Thomas and Scotus on a question of divine infinity

The objection:*

If God existed, (i) he would have to be infinite in being and perfection, but (ii) no being is infinite in being and perfection. Proof for (ii) what is here and not somewhere else is finite in place and position; what is today so that it was not yesterday nor will be tomorrow is finite in time and duration; and what does one thing and not another is finite in action and power, and so whatever is this thing and not another is finite in being and perfection. But if God existed, he would be this divine thing and not something else, like a man, a stone, or a piece of wood. 

St. Thomas’s response:

The fact that the being of God is self-subsisting, not received in any other, and is thus called infinite, shows Him to be distinguished from all other beings, and all others to be apart from Him. Even so, were there such a thing as a self-subsisting whiteness, the very fact that it did not exist in anything else, would make it distinct from every other whiteness existing in a subject.

Scotus’s Response (As given in Scotus academicus, etc. By Claude Frassen)**

Scotus responds in 1. dist. 1. q. 2. n. 36 “I deny the consequent, for the place and time in which a thing would be not in another place or another time is finite – for if it were infinite, the antecedent would be false… If, per impossibile, there were some infinite place where something was (ubi) it would fill up any other place where something could be; so that it would not follow that this body is here in such a way as to not be there.  Therefore it is finite according to the place in which it is, for the “here” cannot be shown to be the case except in finite things. Thus Aristotle says that if a motion were infinite and the time were infinite it would not be the case that the motion would be in this time and not in another, and so [Aristotle thought] it must be finite in time. [moreover, it does not follow] from the fact that a thing is this singular and determinate being that it is finite; for the determinate is opposed to the indeterminate and not to the finite, because something can be infinite and also determinate – for if there were an infinite line, it would still be a determinate thing since it would be a quantity and not a quality, relation, or substance; but it would nevertheless not be less infinite.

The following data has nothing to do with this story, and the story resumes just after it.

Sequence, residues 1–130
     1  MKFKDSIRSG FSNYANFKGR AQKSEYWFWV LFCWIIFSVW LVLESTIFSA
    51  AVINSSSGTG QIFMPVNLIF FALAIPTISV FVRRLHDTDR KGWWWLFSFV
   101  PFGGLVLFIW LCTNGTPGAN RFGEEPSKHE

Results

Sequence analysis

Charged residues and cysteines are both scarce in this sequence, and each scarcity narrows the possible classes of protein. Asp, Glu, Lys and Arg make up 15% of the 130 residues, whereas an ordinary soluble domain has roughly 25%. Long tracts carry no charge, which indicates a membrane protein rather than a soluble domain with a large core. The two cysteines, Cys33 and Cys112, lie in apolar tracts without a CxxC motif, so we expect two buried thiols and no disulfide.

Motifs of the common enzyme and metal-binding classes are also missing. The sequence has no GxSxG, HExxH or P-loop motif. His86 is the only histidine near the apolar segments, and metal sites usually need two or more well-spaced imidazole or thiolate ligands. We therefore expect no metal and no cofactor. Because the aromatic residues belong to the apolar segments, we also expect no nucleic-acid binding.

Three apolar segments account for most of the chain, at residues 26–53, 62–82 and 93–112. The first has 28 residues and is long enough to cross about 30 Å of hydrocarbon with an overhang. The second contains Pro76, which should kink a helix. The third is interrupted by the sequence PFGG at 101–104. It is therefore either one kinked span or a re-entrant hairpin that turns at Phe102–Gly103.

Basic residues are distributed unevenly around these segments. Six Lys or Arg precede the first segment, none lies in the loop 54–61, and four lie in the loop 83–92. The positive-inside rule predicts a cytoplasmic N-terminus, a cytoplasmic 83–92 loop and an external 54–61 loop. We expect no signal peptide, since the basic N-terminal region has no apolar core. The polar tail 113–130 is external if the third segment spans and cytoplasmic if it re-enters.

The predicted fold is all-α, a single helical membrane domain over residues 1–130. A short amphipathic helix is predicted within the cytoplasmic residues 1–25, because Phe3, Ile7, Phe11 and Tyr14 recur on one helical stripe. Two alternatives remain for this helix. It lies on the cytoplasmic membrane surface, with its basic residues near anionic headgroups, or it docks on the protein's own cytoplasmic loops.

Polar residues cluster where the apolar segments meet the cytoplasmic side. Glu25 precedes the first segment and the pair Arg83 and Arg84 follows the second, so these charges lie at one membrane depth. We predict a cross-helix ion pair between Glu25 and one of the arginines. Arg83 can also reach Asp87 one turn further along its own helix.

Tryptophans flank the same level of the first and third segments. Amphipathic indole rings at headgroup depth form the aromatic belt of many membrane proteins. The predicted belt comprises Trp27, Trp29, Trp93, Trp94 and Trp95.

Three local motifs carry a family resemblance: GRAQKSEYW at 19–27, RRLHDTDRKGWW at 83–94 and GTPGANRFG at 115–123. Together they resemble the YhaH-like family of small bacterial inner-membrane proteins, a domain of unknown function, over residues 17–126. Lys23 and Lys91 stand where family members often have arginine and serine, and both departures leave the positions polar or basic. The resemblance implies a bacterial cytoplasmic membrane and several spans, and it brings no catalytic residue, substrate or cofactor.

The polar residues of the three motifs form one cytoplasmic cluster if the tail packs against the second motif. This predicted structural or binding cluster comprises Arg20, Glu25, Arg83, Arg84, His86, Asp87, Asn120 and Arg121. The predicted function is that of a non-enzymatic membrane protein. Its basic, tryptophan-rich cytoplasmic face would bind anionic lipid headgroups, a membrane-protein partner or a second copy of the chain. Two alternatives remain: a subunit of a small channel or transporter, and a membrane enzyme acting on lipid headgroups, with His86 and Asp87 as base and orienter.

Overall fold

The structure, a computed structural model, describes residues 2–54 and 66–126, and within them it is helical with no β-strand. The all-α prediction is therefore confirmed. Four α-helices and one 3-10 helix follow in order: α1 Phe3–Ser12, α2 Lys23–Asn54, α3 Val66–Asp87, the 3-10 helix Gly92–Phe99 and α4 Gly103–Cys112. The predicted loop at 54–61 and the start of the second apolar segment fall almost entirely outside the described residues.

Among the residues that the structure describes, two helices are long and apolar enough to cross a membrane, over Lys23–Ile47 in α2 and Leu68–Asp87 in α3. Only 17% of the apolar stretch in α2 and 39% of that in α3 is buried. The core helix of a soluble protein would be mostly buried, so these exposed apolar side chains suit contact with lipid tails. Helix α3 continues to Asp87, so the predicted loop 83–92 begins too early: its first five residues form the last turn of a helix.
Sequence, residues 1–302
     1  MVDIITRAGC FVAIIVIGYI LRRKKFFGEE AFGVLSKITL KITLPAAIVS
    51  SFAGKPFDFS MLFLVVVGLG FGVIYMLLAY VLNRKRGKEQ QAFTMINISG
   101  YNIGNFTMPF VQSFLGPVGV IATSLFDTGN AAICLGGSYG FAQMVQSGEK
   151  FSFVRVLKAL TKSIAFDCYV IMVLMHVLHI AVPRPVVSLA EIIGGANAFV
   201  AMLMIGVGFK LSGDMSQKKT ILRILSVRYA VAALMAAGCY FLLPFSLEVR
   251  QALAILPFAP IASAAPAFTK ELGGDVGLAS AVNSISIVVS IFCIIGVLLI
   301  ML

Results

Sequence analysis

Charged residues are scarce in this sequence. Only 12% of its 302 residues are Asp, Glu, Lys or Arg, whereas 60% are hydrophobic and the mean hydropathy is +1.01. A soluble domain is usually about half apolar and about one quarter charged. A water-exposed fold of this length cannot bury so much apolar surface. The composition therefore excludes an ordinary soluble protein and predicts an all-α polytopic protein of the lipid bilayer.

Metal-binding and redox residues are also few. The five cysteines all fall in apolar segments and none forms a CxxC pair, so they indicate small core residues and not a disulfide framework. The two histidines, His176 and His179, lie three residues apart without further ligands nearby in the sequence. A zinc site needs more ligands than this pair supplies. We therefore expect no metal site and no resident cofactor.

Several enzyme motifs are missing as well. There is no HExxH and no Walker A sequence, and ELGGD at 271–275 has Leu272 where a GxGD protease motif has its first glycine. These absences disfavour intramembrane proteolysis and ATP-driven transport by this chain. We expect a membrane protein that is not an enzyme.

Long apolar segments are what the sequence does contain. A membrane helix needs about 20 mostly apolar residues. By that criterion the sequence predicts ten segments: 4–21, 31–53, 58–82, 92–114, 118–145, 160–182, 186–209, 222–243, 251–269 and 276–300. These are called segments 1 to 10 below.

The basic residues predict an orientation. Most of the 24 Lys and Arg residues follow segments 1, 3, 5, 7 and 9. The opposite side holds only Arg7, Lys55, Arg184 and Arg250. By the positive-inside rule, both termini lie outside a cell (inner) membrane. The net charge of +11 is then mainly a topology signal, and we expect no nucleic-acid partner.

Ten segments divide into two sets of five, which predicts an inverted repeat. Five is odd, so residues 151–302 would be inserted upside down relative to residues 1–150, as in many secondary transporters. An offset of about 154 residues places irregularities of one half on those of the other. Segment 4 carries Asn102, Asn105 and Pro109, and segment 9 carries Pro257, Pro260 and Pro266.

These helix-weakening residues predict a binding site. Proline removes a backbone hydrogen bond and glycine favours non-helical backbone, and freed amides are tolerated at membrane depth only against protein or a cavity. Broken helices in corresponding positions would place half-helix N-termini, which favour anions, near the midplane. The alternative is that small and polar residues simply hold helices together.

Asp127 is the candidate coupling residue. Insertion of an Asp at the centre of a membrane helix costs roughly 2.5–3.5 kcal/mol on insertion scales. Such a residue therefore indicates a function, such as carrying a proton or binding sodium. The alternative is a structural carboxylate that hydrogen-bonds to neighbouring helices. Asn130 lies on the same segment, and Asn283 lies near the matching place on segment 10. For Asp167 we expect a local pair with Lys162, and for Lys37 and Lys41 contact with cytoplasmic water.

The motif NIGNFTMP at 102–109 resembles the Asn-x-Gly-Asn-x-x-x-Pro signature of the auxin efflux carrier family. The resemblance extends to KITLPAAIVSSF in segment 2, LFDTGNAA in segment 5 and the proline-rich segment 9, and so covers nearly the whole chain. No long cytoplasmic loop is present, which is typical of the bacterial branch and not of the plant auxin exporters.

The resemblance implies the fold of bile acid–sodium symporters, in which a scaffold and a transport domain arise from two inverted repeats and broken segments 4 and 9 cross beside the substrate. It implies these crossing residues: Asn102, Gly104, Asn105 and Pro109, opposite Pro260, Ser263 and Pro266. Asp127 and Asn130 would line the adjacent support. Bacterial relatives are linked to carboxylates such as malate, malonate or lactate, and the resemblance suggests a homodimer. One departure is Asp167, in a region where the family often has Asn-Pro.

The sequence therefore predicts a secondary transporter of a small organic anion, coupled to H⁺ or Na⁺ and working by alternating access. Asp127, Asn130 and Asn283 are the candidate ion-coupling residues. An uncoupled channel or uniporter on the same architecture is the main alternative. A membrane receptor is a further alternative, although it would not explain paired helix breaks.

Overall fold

The responses share considerable overlap, especially if we compare STA’s first response with the second Scotistic response, but there is an obvious note of difference: St. Thomas wants to immediately shift the consideration away from the infinite to the self-subsistent and unrecieved-into-another, whereas as Scotus doesn’t. The crucial difference seems to be that St. Thomas argues that the mere fact that a form would not be received in matter would suffice to make it infinite, and so all we need to do to account for the infinity of some form is point out that it is not in matter (see the response in the link given). Scotus seems to think that one needs more than mere separation from matter to establish infinity.

One could, however, read the “per impossibile” in Scotus’s response as meaning that all material places are finite precisely as material, and so separation from matter is formally what constitutes [the relevant sort of] infinity, which would put him in agreement with STA. But my suspicion is that St. Thomas does not think we have a distinct concept of the infinite whereas Scotus does. Existing infinite things, for STA, are nothing other than self-subsistent things, whereas for Scotus we seem to be able to understand existing infinite things formally as infinite.


*I take the Scotist formulation of the objection because it is more fleshed out.

**Respondet Doctor in 1. dist. 1. q. 2. n. 36, negando consequentiam , et rationem disparitatis profert, quod locus et tempm in quibus res esset, et non alibi, aut alio tempore, sint finita : nam si essent infinita, falsum esset antecedens: etenim, inquit Doctor : Si esset aliquod ubi infinitum, per impossibile, et corpus inflnitum, repleret illud ubi ; non scqueretur: hoc corpus est hie ita quod hon sit alibi : ergo est finitum secundum ubi, quia ly hic non demonstrat nisi in finitum. Ita secundum Philosophum, si motus esset infinitus et tempus infinitum , non sequeretur: iste motus est in hoc tempore, et non in alio : ergo est finitus secundum tempus. Ita ad propositum oportet probare illud quod demonstratur per hoc ens, esse finitum…. ex eo quod sit hoc ens, singulare et dcterminatum, non sequitur exindc quod sit ens fini- tum ; determinatum enim opponitur quidem indeterminato, non autem finito ; quia aliquid potest esse ens infinitum et simul dcterminatum, etenim si dsretur linea infinita, esset ens determinatum, quia esset quautitas, et non qualitas, nec relatio, nec substantia ; propterea tamen non minus esset infinita.